Finally, the biggest flaw of Iron Hearted Violet stems from the very thing that the story is criticising and how its illustrations failure to conform with the story that this book is telling. The illustrations here are important and a part of the storytelling and yet….all of its illustrations of Violet as well as its cover do NOT show her as she is described. The fact that the entire book is illustrated with Violet as a beautiful girl basically undermines the very thematic core of the book. It drove me to distraction to be honest and made me so mad that this book is being sold with these illustrations that do not match the character. This to me, despite its strengths, effectively derailed the story.

Thea’s Take:

I’m of a very similar mind when it comes to Iron Heated Violet. On the one hand, as Ana says, I love the idea and core conceit behind this book. I mean, you have a princess that is loved no matter WHAT she looks like, who discovers that being a true princess has nothing to do with her appearance and everything to do with her heart and strength and character! That is an amazing message! There’s also a cool (in theory) fantasy element with multiple universes, multiple gods, dragons without hearts, and mischief aplenty. All of this (again, in theory) is fantastic.


There is a big BUT. There are a number of issues with regard to execution. I agree with basically everything Ana has outlined above, and won’t rehash anything (except when it comes to the illustrations, but more on that in a bit). From a pure story and writing perspective, there were a couple of significant stumbling blocks, from the awkward narration to the stunted pacing, and some of the writing and stylistic choices.

Let’s start with the narration, shall we? Iron Hearted Violet is narrated by the court storyteller, who frequently interjects with his opinions, with some foreshadowing (as he’s telling the story after the fact), and his own touches at wit and humor. Unfortunately, the result is a bit strange and uneven, as the storyteller’s actual importance and presence in the story wavers. There were times in the book where the storyteller would disappear and I would forget altogether that we had a character narrator – only to be jarred out of that experience when the storyteller would appear again suddenly, breaking the fourth wall. (This is to say nothing of the fact that the storyteller cannot possibly have seen/known everything that he did, so there’s an authenticity problem, too.)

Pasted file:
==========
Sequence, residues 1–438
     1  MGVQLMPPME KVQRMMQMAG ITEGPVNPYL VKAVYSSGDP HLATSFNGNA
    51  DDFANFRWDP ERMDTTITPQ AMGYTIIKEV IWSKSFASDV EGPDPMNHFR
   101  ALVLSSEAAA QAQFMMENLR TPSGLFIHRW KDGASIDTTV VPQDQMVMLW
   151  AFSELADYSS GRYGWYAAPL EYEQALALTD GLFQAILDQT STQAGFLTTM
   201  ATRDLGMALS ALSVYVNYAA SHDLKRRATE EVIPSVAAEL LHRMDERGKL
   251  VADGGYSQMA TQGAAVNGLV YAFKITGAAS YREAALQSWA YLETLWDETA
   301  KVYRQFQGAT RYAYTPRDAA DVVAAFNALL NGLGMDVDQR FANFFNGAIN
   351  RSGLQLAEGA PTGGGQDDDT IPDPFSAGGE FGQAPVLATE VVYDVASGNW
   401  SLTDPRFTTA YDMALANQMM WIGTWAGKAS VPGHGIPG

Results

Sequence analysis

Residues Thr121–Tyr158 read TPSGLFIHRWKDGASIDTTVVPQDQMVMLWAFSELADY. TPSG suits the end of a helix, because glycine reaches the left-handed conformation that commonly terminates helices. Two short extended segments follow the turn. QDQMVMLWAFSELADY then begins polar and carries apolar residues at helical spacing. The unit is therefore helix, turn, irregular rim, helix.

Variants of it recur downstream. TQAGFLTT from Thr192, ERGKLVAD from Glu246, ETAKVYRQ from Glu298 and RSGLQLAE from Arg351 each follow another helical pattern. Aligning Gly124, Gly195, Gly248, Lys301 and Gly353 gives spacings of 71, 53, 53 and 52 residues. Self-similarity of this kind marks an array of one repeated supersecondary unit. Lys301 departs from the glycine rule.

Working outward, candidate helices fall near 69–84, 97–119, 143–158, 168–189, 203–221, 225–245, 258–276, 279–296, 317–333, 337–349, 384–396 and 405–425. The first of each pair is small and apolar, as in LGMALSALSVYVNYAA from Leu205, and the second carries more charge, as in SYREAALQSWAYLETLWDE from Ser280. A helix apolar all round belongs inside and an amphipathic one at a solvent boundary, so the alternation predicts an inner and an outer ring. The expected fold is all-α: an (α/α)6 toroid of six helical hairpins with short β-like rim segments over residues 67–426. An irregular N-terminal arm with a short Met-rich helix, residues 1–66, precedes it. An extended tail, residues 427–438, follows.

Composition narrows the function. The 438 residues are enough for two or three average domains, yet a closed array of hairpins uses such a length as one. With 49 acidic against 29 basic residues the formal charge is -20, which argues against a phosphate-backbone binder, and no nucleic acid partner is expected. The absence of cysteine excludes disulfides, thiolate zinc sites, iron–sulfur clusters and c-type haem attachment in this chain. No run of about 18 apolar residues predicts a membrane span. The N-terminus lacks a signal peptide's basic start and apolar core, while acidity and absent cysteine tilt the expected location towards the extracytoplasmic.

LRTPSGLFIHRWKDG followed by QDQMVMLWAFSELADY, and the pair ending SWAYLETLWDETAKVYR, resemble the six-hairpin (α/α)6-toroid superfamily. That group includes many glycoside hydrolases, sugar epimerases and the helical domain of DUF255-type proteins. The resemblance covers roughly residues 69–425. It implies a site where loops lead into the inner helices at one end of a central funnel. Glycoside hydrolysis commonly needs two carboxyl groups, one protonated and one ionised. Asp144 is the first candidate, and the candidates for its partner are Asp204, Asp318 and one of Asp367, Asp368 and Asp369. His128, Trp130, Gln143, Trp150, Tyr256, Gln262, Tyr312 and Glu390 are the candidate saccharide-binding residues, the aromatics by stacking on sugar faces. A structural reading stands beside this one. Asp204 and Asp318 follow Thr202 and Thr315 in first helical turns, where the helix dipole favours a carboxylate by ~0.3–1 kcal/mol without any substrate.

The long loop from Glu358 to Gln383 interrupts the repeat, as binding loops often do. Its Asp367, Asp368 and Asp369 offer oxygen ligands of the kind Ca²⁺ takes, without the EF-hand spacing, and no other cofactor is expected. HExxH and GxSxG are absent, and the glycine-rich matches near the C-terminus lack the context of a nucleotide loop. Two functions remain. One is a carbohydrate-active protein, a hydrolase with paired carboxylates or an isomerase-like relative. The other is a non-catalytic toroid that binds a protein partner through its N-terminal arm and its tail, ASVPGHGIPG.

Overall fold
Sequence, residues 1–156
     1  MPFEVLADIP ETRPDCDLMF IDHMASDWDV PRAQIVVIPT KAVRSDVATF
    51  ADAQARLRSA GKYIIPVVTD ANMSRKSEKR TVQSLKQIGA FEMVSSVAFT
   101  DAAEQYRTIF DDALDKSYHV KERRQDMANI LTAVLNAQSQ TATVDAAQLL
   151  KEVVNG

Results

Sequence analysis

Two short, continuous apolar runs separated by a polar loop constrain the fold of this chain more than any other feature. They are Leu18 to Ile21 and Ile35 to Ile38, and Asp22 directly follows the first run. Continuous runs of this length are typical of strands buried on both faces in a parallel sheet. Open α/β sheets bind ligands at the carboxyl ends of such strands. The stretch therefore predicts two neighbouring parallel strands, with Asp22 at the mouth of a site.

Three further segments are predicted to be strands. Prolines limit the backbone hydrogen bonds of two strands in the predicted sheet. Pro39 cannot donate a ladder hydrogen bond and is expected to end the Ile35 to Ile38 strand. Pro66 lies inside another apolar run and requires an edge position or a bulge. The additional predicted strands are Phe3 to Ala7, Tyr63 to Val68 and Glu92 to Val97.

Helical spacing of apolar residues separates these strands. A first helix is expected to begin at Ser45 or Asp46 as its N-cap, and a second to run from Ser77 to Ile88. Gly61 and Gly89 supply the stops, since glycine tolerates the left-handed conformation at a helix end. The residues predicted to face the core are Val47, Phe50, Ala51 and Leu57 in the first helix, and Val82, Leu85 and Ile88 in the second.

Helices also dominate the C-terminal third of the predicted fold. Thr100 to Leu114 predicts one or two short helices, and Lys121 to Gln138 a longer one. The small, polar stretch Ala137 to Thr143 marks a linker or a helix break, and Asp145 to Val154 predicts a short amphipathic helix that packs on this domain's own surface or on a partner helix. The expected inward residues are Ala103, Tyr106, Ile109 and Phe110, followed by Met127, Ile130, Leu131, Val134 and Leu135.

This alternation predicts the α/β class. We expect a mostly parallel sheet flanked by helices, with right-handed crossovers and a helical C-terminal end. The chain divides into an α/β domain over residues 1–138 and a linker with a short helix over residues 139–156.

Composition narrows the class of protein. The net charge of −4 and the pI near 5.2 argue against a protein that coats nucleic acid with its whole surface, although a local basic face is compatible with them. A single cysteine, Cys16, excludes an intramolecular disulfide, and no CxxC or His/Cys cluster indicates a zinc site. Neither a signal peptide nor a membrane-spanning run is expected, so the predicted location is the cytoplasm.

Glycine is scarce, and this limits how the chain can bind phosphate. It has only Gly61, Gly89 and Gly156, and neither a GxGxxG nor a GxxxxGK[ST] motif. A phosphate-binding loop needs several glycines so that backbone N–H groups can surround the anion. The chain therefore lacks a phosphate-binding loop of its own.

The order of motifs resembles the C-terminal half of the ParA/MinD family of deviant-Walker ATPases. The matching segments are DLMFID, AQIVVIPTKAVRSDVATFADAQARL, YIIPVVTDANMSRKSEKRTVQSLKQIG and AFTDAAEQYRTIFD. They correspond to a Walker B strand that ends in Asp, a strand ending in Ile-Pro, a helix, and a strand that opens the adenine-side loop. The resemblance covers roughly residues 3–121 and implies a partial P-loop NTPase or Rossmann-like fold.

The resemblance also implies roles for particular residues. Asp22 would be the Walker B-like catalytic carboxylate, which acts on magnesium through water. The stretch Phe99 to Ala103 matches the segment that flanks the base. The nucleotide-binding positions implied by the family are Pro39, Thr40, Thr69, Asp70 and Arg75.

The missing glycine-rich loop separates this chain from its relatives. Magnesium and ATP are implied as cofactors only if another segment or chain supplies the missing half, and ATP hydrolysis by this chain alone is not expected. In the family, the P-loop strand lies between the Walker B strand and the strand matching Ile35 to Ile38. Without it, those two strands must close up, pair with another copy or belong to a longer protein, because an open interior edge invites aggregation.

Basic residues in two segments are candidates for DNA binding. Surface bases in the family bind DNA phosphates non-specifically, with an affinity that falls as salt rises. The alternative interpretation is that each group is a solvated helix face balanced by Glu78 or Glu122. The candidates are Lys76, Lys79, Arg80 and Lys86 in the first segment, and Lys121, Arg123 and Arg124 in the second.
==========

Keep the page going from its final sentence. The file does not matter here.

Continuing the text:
Compounding this narrative shakiness is the problem of pacing, the actual writing style and execution. From a pacing perspective, while the majority of the story is told in longer direct chapters, the middle portion of the book was filled with shorter, choppier chapters often ending with different characters muttering ominously about signs before vanishing or dramatically leaving. For example:

“Come, Moth,” she said briskly. “We have work to do.” And they turned their faces into the sighing wind and vanished in the gloom.

“Demetrius? Where are you going?” But it was too late. Demetrius ran past the stables and disappeared from sight.

Help me, Cassian, mouthed her lips. And Violet vanished from sight.

“THREE!” Moth shouted, and with the three small creatures clinging to his clothing, Demetrius launched into the darkness and fell into the pit.

Meanwhile, at the end of other chapters, some characters grin evilly in the dark:

And in the darkness, a single eye – bright and hot like an ember – blinked once, twice, and glowed open.

And from its prison, the Nybbas grinned its yellow grin. NOW, it crowed. NOW, NOW, NOW.

Needless to say, when every chapter ends this way for chapters on end, these dramatic gestures kind of lose their impact.

Stylistically (and perhaps this is a nitpick but it was confusing and jarring for me so I think worth mentioning), a subset of special characters were defined by their speech reflected in ALL CAPS. The frustrating thing about this choice is that these are all very different characters – one is The Nybbas, one is a Dragon, and one is another God. Perhaps a different font choice would have been a better way to differentiate between these varied characters? Your mileage may vary.

Finally, I cannot, cannot end this review without reiterating everything Ana has already said regarding the illustrations. Violet is very pointedly, very importantly NOT a perfect, pretty princess. She, in fact, is repeatedly described as being very unattractive and growing uglier by the day, with mismatched and mis-sized eyes, coarse and unruly hair, with freckles and moles, a chipped tooth, and a pug nose. Her appearance and her obsession with becoming a beautiful “real” princess is a huge, central point of this book.

This, however, is how Violet is portrayed in the illustrations:

You see the problem? What kind of bizarre, contradictory message is this sending by drawing Violet as a perky, pretty princess?! It baffles the mind as to why anyone would allow this representation of Violet in the final book as it is so blatantly contrary to on of the core themes of the story (essentially saying, to me, maybe we can WRITE about ugly princesses but no one really wants to SEE anyone that isn’t beautiful in the accompanying illustrations.). Edited: I should add that Kelly Barnhill is not the illustrator of this book (that would be Iacopo Bruno). We should also say that we have no idea as to whether or not Kelly Barnhill had any input regarding the book’s illustrations.